Sunday, March 18, 2012

Therapy Actual


The word had been dogging me since starting therapist-training school. Dogging my mind, anyway. My body simply slept through it. In class, in therapy sessions, it was appearing everywhere, like synchronicity in action, but I didn’t really know what it meant. I mean, I knew there was this approach called “primal therapy,” and I knew it had its hayday in the 70s, or maybe it was the 80s, but it had either passed out of fashion or was currently hidden and only practiced by the old guard or in secret therapy societies. I didn’t bother to look it up. 

For weeks we’d been studying Western Mysticism. During our weekend classes, we were introduced to traditions outside of psychotherapy’s more accepted paradigms – we took journeys through forests, many of us meeting spirit-animal guides in meadows, others of us mediating on loving kindness. We built a variety of altars and reconsidered existence through the lens of quantum science, learning that photons fired in opposite directions will mirror each other’s actions instantly – when one changes direction, the other changes in the same manner, despite their being in different locations – suggesting that there’s some other dimension undetectable by our current science in which communication occurs at faster-than-light speed.

But it didn’t matter because I had stopped absorbing. My feelings came slowly, as if from under water, never breaking the surface. The usual insecurities were pulling me under – am I good enough? Will I be loved enough? Will I be loved at all . . . ever . . . WHEN? These questions came in the midst of being loved in the way I’d always dreamed, yet I still had to ask. Nothing was penetrating. Everything had a "but." But it’s probably not real. But it won’t last for long. But nothing ever works out.

And then there were the questions about my life’s purpose: what the hell am I doing with my precious life – not painting, not writing, what and, again, WHEN?! When will my life proper begin, the one where I have a fulfilling and solid career, a sense of purpose? It didn’t matter that I was writing blog posts, or editing my book (that will never see the light of day), or learning a new day job, or studying for my “vocation” (was I really going to be a therapist?!) These things didn’t seem to count. Nothing counted.

Every week I went to therapy and talked, and sometimes mustered a tear or two, but left feeling that while my mind got it, my body was failing the class. It was not therapy’s fault. Something was corked in a deep part of me. I couldn't seem to dislodge the blockage, so I did what I always do when faced with what I perceive as an immovable obstacle: I decided to quit. Quit school, quit therapy, quit dreaming about my future. 

At the end of one particular therapy session in the midst of my doubt, we heard a shattering cry through the wall. 

“Oh. That’s just an emotional release,” said Karen, my therapist, as if she were describing someone’s digestive gurgles. But it was too late. A door had slammed. And it was mine. “I can’t do this,” my mind said, using her inside voice. My body had already slipped into a coma. “I can’t bring people to that place,” I insisted to my interior audience. I was already thinking about popcorn and movies. I was already somewhere else.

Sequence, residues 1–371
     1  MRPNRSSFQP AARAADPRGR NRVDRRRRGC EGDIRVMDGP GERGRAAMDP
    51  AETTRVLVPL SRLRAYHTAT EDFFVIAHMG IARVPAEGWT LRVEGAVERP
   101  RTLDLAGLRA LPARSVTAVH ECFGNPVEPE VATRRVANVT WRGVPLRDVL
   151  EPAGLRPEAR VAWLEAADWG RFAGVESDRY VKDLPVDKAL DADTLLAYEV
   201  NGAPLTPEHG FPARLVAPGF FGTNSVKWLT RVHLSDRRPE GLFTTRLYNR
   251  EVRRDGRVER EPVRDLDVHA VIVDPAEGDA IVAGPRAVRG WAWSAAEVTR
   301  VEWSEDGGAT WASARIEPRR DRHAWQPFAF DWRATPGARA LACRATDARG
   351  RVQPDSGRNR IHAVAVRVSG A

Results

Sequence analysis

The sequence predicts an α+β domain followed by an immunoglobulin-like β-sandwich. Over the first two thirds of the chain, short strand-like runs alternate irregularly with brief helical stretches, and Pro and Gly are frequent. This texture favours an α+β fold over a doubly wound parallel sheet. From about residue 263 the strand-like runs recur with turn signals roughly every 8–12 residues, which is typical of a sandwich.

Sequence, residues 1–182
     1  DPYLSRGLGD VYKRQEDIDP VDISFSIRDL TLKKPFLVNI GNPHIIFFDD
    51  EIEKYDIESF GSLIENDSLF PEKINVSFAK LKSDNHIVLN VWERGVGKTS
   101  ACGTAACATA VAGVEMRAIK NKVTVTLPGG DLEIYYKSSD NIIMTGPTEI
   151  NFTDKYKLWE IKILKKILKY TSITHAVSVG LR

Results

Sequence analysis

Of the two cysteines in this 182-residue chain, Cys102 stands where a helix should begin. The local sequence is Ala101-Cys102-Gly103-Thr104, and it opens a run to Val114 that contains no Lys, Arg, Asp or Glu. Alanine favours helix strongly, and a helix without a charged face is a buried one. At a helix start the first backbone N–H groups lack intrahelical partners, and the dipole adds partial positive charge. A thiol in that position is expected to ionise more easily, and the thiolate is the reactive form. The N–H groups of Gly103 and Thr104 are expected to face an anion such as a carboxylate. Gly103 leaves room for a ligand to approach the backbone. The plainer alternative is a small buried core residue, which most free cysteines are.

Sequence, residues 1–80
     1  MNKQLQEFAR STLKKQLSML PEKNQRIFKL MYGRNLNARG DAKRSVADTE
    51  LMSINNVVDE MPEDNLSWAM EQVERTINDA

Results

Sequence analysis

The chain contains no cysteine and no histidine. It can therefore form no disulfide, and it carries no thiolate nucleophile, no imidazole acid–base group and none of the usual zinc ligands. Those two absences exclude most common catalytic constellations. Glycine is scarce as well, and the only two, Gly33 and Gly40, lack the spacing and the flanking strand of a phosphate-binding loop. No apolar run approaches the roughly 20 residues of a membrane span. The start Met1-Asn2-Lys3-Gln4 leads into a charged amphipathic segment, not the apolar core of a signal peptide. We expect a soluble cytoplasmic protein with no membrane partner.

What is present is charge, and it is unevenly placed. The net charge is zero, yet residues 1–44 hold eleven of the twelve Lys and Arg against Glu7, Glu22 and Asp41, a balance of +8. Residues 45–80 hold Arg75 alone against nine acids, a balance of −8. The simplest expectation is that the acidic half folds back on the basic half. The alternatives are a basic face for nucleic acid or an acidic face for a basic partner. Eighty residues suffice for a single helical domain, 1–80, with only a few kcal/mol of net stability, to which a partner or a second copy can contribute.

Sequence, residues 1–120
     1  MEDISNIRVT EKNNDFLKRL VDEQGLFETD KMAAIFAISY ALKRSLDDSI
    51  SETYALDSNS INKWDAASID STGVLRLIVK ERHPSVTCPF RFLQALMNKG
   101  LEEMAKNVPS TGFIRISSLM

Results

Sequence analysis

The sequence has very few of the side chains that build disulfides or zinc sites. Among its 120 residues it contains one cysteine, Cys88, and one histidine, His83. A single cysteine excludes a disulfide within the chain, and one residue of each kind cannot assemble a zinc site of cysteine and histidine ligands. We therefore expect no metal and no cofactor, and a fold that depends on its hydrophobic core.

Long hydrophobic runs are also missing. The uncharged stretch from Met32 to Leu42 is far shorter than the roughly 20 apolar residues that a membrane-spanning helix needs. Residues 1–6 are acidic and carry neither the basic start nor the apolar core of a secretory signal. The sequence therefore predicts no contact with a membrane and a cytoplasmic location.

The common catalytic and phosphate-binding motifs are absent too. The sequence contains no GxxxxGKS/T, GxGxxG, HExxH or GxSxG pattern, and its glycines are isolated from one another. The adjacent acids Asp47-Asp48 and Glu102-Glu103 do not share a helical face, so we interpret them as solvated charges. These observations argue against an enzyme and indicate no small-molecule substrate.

“Have you ever been to that place yourself?” A fifth-year student asked me in the waiting room the following week. I was waiting to see Karen. She was waiting to go into Group (which I’ll write about once I’ve done it.) I told the student therapist I was thinking of quitting the program. She told me she'd been seeing patients for two years already and couldn't imagine doing anything else. She loved it. "Have you ever had a primal in therapy?" she asked again.

Had I ever been to a place of total emotional abandonment? I’d come undone before, spent years crying to and from class, to and from work, to and from the grocery store. But letting out a soul-wrenching scream from the depths of my wrenched soul? 

“No,” I admitted.

“Well, that’s why you’re scared,” the student therapist concluded. And she was not wrong. “It’s hard to describe the transformative quality of primal work,” she explained “unless you’ve done it.”

“It’s pretty great!” She added, like describing a ride at the Ex.

Half way through therapy that day, I ventured off the path. “I wonder if what I need is a primal,” I suggested. I had no idea what I was saying. I didn’t even know if that’s how you said it. Was ‘a primal’ a noun?

“We could do that,” Karen said, gamely. My eyes flicked over to the clock. “Well, there’s no time today, anyway. So, let’s do it next week,” I quickly backtracked. Surely a primal required at least an hour, if not longer. There was only half an hour left.

“We could do a dry run today,” Karen suggested, only she had already gotten up to prepare the matt on the floor while explaining what she was about to do. “I’ll be pressing down on your back along its length,” she said, making it sound like a massage. I started to relax, looking forward to releasing some tension in my shoulder blades.

I lay on my stomach and Karen pressed on my lower back. The pain shocked me. Since when do I have pain in my lower back? I had never noticed it before. How long had it been there? Then she moved up my spine to where my pain normally resides. All that pressing felt good, despite the pain. If this was a primal, I was loving it.